There had been varying reports from his Australian and Japanese tours earlier this year, but when Bob Dylan hit town June 1st for a week of shows at the Universal Amphitheatre here (2500 seats), he brought with him a radically different show and a whole new wave of controversy.
Dylan's first American concerts since his much-acclaimed Rolling Thunder appearances in 1976 were glibly professional. Working with a tight and precise twelve-piece band (including three singers) and performing no solo acoustic numbers, Dylan left most die-hard fans and reviewers puzzled on opening night. "There were things that killed me, and there were things that really pissed me off," said one prominent musician. "He could take this show to Vegas and not change one note."
To be sure, Dylan was relaxed and gregarious onstage. The two-hour show opened with an instrumental version of "Hard Rain." Wearing specially tailored clothes (alternately, a black studded pants outfit or one with a white sequined thunderbolt design), Dylan strode out for the blues song "Love Her with a Feeling." After a new song, "Baby Stop Crying," the show headed into a generous cross section of Dylan's most famous work from every period except Nashville Skyline. Most of the new arrangements bore little similarity to the original versions. "Shelter from the Storm" was performed as a kind of rockabilly march, "Masters of War" as a Bo Diddley rocker, "Love Minus Zero/No Limit" a calypso groove, "I Shall Be Released" a jaunty melody and "Tangled Up in Blue" as a blue spotlit, majestic show stopper. On "Ballad of a Thin Man," Dylan removed the microphone from its stand and strolled out to shake hands with the audience.
Said one Dylan associate: "He's discovered the show value of his music. He's also rediscovered a lot of the old songs . . . he can pick and choose to match his any particular emotion."
Dylan, who has been referring to himself as an "entertainer" lately, also surprised audiences with earnest between-song patter, like: "Here's a song from my new album, Street Legal, on Columbia Records and Tapes! . . . Like to say hello to Richard Manuel and Raquel Welch out there tonight . . . Here's a hit song from my hit movie Renaldo and Clara! . . . Here's a song I recorded many years ago with the Band! . . . As Jerry Garcia says, 'I must be checking on down the line.'"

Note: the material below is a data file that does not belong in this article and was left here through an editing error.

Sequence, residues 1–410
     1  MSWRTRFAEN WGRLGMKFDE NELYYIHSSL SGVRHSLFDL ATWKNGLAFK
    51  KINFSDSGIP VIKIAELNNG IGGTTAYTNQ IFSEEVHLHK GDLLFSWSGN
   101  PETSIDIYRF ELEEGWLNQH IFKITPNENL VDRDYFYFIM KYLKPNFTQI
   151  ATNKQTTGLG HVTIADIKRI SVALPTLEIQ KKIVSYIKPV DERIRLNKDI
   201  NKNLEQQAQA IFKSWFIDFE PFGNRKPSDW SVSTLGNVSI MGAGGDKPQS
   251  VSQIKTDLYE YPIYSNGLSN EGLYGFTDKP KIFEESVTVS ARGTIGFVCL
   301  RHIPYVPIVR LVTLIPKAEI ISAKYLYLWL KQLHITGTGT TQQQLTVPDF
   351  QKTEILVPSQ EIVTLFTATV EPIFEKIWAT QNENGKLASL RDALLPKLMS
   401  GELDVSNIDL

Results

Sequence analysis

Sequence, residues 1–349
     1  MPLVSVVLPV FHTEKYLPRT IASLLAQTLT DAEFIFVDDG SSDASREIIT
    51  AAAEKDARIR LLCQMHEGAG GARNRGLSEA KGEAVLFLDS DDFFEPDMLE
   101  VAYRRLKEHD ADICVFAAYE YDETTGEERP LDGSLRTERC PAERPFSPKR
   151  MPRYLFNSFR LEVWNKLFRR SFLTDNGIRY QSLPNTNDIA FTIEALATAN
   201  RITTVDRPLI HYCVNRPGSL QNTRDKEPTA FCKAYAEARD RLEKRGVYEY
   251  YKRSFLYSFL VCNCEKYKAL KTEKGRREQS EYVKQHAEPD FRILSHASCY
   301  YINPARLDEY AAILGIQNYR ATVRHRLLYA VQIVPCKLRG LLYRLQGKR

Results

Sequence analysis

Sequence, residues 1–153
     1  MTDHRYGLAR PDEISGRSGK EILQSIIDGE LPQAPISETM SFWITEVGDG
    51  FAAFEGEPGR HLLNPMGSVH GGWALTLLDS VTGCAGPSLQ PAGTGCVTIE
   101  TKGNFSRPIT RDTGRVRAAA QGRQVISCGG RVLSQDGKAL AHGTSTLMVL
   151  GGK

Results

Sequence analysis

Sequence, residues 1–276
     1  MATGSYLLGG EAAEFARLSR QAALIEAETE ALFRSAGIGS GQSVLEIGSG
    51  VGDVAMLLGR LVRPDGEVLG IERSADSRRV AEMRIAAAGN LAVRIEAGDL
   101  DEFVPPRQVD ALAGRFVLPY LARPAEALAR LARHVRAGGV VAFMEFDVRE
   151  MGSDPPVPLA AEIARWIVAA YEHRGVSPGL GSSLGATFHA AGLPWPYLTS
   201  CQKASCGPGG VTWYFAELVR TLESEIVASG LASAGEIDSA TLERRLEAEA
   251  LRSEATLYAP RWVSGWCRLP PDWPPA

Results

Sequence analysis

It is said that ever since traveling to see Neil Diamond in Las Vegas last year, Dylan has been concerned with updating his concert stance. He was impressed enough to sign with Diamond's manager, Jerry Weintraub, several weeks later.
"I'm ready to have a regular band," Dylan announced in an interview late last year. "I want to be able to tour and record again with a group of musicians I know I work well with."
Dylan has been very active since auditioning and putting the group together last Christmas. By performing this isolated week of Los Angeles concerts, Dylan had hoped to create a groundswell of support that would carry him through his current European tour and the release of Street Legal to his return to the United States, possibly for a tour this fall.
By the end of his Amphitheatre run, Dylan had won over many doubters. There were the usual spate of celebrities from music and film, of course, but Dylan had wanted to meet only one — Elvis Costello. Costello, who came back twice, was mightily impressed when he met and spoke with Dylan. And Dylan reported: "Hey, he's a pretty normal guy!"
This is a story from the July 13th, 1978 issue of Rolling Stone.
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